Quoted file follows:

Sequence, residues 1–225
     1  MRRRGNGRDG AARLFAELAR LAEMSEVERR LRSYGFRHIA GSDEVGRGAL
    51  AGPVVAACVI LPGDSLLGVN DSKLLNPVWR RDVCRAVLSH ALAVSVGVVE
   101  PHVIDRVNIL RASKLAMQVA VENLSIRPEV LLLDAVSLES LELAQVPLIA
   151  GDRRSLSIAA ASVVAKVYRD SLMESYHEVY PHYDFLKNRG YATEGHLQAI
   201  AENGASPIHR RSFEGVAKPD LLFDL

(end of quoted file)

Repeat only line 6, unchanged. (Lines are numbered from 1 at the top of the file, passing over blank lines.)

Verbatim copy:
   201  AENGASPIHR RSFEGVAKPD LLFDL